# What are best practices to compare densities and locations between two sets of points?

I have two sets of point shapefiles. They represent two different customer groups for a retail store. Shapefile A represents online customers, Shapefile B represents in-store customers.

What I would like to do is create some sort of heat map that displays where the concentrations of these customers are. That way I can hopefully show the differences in where these two different sets of customers are located in comparison to our actual store locations. I even have how much money each individual customer has spent attributed in both shapefiles if I wanted to organize this by amount spent. What do you think would be the best methodology to show this? I have the Spatial Analyst and Business Analyst extensions installed.

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The methodology you are looking for is called 'spatial statistics', and specifically 'spatial point-pattern analysis'.

You could do a kernel-smoothing of the two point patterns and then compute the ratio of the kernel-smoothings. However, this is sensitive to choice of kernel shape and bandwidth, so if you wanted to draw robust statistical conclusions (something like "there are 2x the online customers than retail at this point") then you have to properly formulate the model and choose you bandwidth carefully. If you just want a pretty map to wave at the PHBs, just choose something that smooths things "enough" so it doesn't look dotty and doesn't smudge out all the detail.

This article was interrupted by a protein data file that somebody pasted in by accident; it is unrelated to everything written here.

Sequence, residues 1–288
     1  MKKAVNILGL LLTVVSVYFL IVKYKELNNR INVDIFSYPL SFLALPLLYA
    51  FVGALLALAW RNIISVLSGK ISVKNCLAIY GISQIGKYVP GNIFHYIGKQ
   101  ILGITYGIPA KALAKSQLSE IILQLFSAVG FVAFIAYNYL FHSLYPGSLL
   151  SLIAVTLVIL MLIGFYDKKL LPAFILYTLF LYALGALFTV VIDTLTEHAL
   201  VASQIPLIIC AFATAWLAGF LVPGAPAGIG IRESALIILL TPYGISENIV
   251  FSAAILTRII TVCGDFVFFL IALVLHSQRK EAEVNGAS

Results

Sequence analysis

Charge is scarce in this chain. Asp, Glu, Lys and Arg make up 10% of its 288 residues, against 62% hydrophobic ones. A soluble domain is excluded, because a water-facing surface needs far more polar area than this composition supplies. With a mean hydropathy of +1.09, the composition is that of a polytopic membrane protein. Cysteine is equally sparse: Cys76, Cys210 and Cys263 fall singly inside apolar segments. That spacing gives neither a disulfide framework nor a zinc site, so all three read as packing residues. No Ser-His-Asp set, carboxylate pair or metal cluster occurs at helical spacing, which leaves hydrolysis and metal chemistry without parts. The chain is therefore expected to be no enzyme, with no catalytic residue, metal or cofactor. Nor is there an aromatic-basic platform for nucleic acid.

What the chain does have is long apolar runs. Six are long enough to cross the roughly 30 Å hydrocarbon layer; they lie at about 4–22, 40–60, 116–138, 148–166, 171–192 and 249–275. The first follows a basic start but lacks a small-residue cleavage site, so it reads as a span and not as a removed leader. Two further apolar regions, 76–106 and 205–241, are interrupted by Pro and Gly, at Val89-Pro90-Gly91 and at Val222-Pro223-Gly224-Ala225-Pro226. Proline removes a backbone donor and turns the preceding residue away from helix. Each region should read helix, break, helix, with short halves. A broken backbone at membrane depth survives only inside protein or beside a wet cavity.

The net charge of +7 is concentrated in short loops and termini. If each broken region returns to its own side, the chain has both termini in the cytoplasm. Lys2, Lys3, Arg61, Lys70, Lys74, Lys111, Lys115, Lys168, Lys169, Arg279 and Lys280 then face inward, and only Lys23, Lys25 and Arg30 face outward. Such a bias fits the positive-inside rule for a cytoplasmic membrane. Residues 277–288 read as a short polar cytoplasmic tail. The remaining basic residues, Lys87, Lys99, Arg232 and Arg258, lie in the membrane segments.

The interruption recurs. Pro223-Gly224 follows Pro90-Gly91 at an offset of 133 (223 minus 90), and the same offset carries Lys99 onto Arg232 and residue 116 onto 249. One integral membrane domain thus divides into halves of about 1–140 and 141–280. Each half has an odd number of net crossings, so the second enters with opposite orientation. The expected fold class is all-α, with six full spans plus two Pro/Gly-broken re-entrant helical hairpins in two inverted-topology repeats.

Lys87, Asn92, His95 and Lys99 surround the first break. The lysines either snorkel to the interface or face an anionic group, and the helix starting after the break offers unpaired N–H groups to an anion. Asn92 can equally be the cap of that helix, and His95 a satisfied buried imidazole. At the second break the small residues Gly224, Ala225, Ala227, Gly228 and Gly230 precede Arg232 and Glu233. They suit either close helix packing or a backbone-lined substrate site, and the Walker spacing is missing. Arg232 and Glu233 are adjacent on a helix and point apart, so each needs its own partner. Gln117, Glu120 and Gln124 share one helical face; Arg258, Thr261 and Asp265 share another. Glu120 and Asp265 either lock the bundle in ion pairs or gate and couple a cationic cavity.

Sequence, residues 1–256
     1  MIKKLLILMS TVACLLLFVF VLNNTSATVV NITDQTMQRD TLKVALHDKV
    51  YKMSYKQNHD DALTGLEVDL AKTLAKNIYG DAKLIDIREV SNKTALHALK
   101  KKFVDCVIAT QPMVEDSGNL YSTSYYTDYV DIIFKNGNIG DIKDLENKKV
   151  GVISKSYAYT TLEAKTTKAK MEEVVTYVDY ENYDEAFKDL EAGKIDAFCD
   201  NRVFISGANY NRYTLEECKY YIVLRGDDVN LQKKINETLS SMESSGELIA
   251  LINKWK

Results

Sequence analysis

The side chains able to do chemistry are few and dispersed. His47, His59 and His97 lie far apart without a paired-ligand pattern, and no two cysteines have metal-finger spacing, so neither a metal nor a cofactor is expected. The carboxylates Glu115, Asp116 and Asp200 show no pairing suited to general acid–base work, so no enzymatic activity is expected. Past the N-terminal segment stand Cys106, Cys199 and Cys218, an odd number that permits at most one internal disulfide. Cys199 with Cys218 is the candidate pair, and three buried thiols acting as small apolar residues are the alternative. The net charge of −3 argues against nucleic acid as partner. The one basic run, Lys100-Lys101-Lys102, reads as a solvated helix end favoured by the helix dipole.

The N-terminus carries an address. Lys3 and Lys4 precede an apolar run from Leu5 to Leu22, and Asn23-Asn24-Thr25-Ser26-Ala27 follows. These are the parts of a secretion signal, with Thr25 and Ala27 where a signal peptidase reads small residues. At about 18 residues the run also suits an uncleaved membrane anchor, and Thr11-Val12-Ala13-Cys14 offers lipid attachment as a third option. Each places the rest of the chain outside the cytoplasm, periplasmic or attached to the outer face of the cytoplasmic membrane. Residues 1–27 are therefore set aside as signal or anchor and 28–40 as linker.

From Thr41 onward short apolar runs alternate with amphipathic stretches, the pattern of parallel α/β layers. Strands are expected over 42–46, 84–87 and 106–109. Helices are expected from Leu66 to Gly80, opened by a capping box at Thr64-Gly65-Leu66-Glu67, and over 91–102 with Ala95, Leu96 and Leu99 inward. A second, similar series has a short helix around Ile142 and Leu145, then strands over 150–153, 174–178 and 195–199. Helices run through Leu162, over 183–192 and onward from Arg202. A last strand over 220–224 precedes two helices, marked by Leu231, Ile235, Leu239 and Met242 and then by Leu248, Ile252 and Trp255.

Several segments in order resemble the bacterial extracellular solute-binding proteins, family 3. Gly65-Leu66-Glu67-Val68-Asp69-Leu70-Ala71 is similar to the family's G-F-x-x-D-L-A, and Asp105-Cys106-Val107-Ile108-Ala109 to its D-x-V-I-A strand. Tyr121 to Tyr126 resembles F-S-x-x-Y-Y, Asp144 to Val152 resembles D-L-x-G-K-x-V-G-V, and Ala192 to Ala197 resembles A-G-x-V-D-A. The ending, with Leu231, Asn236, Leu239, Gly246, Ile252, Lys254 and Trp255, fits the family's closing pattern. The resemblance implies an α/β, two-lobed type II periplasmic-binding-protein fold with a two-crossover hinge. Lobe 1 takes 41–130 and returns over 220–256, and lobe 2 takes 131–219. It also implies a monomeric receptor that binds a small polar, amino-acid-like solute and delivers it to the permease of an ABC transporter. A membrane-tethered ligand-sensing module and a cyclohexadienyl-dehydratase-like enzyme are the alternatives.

If you have a natural set of areas, such as electoral regions, or census districts then you could count the points of each type (or the sum of spend for each type) in each district and plot a map of the ratio. Again, these will be subject to statistical variation as well as genuine variation so if you want to state robust statistical conclusions you need some fancy schmancy statistical model that computes the ratios and the errors on the estimates of the ratios.

And if you want to do that, you probably want to get a book on spatial statistics (Cressie, perhaps) and a copy of R (Open source stats system) which has some add-on mapping functionality in a bunch of packages.

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I watched this ESRI video on hotspot analysis a while back. The speakers give many good tips and pointers. The example is local in scope, but the methods should work at most scales. They demonstrate how to collect events into locations that can then be analyzed. They also walk through many of the supporting processes.

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